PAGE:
(Source: Wikipedia)

one more look at St Stephen’s Cathedral
Old Vienna
church converted into shops, Vienna, Austria

Touring done for the day, we took the bus to our new hotel and it was indeed very nice. Too bad, we were not going to spend much time there.

Our friends John and Dean, from the Sacher Hotel experience convinced us that we should take the tram into downtown for a marvelous local supper at……………………McDonalds. Now, on the surface, this sounds a bit (well, maybe, a lot) silly. But the underlying motive at the time was that you could have a beer with your burger and fries. I was in, but Pat was not so sure.

Waiting for the train to return to our hotel, we were chatting with some locals who were asking where we were from and what we thought of Vienna. My wife opined that is was all Amazing. They thought she had said Mayerling, which is a small in Lower Austria. Isn’t communication in a foreign country fun?

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Published by kagould17

Not much to tell. After working for 3 companies over 43+ years (38 years 7 months with my last company), I finally got that promotion I had waited my entire career for……retirement. I have been exploring this new career for the past 7+ years and while it is not always exciting, the chance to do what I want for myself and my family instead of what my company wants has been very fulfilling. Early on, there was a long list of projects in my “to-do” hopper and I attacked these projects with a vengeance for the first 9 months of retirement. Eventually, my brain told me that this was not what retirement was about, so it took me another 5 months before my industriousness again took over and I attacked another line of projects, this time somewhat shorter and less complicated, as well as many new projects related to the family weddings in 2016. After going hard for 6 weeks and 3 weddings, my body was telling me to relax, then the flu bug hit and as soon as that was done with me, my sciatic acted up. No rest for the wicked. In 2020 and 2021, the Covid 19 pandemic changed the whole retirement gig. I was lucky to not be still working, for sure. I enjoy photography, gardening, working with my hands, walking, cycling, skiing, travelling, reading and creating special photo and video productions obtained in my first pastime. I may never become wealthy in any of these pursuits, but I already feel I am rich in life experiences far beyond any expectation.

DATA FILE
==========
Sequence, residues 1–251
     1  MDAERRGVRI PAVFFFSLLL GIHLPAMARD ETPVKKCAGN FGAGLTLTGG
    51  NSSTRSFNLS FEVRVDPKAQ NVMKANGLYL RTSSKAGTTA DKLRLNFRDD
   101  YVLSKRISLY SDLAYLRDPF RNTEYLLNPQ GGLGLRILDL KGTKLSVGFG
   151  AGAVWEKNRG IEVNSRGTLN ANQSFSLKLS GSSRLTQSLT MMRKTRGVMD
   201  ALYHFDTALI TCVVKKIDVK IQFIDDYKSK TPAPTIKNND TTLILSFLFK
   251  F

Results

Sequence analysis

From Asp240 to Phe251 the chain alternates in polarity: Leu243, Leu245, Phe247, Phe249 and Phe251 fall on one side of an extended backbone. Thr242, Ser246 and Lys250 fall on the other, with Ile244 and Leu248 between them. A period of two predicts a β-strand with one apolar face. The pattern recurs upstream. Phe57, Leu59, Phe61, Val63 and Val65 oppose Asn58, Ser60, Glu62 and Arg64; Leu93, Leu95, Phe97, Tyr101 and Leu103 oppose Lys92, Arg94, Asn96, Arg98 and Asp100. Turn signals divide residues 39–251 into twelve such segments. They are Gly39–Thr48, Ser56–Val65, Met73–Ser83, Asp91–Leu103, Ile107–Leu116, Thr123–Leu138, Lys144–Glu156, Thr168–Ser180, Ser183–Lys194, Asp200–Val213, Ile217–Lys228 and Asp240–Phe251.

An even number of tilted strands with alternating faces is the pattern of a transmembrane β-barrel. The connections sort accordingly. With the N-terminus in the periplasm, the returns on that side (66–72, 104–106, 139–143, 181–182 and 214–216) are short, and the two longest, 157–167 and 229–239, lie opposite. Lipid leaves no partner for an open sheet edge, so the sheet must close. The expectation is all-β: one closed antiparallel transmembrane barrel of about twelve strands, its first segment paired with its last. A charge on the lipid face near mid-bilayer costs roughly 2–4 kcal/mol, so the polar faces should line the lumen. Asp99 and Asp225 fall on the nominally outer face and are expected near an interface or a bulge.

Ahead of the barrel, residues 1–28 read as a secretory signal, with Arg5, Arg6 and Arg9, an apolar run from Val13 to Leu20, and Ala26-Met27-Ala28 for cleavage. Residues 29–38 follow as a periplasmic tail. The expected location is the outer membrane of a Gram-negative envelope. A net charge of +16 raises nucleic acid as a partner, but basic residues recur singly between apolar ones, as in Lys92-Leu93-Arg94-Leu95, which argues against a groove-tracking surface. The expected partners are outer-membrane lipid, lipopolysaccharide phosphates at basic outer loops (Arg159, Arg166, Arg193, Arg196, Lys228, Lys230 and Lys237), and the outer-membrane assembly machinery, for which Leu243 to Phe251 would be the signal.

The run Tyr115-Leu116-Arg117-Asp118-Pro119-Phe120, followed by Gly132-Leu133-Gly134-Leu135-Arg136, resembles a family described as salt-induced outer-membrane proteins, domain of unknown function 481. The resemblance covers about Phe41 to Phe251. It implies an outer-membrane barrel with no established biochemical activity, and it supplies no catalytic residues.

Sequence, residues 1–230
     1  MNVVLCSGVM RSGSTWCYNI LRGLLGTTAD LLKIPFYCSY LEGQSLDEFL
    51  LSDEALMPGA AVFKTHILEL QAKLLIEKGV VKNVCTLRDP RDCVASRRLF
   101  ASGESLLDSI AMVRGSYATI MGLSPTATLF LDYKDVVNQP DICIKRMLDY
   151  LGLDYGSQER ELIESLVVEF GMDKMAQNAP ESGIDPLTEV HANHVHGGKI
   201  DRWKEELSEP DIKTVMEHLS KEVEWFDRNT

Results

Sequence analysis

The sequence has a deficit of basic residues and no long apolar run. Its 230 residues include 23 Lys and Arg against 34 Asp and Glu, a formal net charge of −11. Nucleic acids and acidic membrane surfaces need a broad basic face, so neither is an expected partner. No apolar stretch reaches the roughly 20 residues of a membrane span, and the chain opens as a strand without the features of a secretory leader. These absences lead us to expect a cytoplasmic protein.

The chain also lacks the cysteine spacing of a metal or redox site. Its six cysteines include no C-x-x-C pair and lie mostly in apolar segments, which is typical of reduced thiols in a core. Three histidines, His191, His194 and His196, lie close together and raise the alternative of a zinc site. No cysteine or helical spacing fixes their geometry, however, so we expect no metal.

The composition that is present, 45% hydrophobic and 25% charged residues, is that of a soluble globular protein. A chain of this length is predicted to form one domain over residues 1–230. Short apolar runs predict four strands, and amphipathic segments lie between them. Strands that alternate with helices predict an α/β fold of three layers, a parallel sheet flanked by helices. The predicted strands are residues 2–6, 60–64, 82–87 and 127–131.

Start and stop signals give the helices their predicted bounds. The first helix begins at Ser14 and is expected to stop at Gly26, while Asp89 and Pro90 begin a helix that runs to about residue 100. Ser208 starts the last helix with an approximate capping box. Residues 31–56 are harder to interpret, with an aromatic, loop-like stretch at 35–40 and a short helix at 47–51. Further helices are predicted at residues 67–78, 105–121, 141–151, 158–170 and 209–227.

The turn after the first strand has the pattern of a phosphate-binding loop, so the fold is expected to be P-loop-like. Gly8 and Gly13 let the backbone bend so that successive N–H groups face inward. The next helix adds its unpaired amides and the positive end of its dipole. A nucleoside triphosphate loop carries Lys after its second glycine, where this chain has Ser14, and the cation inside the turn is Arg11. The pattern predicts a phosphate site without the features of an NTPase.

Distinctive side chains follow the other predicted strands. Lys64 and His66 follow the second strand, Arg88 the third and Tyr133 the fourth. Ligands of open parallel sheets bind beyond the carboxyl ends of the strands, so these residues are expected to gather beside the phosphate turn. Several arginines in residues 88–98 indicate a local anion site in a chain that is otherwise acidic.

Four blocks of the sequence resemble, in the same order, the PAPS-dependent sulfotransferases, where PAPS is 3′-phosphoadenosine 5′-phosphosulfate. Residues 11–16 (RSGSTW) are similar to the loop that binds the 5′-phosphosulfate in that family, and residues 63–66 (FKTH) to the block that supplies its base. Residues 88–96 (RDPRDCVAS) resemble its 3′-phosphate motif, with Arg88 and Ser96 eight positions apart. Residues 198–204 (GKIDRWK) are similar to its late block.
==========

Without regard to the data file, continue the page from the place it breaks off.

19 thoughts on “Analogue Adventures – Europe 1984 -Vienna, Austria

    1. Patty has a bit of German from her childhood, but none of us were brave enough to try it. But, we still laugh about our encounter on the train platform. My High School French was pretty good, or so I thought until I hit Paris and tried to communicate more complex thoughts at Versailles and I have also butchered French on visits to Quebec. Sigh. As long as you try, the locals appreciate the effort. Thanks for reading Lynette. Your comments are back in Spam again, but not to worry, I will not let them languish there. Cheers. Allan

      Liked by 1 person

      1. As a Canadian Frenchie I have encountered stares and one or two corrections when in Paris. I have something of a joual accent that’s easily heard. 😳 I agree that trying is the most important part. There will always be some who don’t appreciate the effort.

        Liked by 1 person

    1. In those days, I kept a notebook. (I gave up on the cassette recorder I used to use. We have seen a few of the recent popular productions like Phantom of the Opera, but none of the real classics. Thanks for reading. Allan

      Liked by 1 person

  1. I’ve been enjoying your reto-posts, remembering my 1982 trip – unfortunately I think I had only those disposable cameras at the time! I think it’s time to revisit my photo albums and have a look.

    Liked by 1 person

    1. Thanks Lillie. Glad you are coming along. I scanned most of my better photos into jpegs, as I was worried they would deteriorate in the albums. This made it easy to put the series together. Thanks for reading. Allan

      Like

    1. Vienna was a beautiful stop on our tour. We had a lot of fun on our short visit there. And who can forget the Kaffeee Mit Schlag and the Sacher Torte? Can you dig it? Thanks for reading Linda. Have a great day. Allan

      Liked by 1 person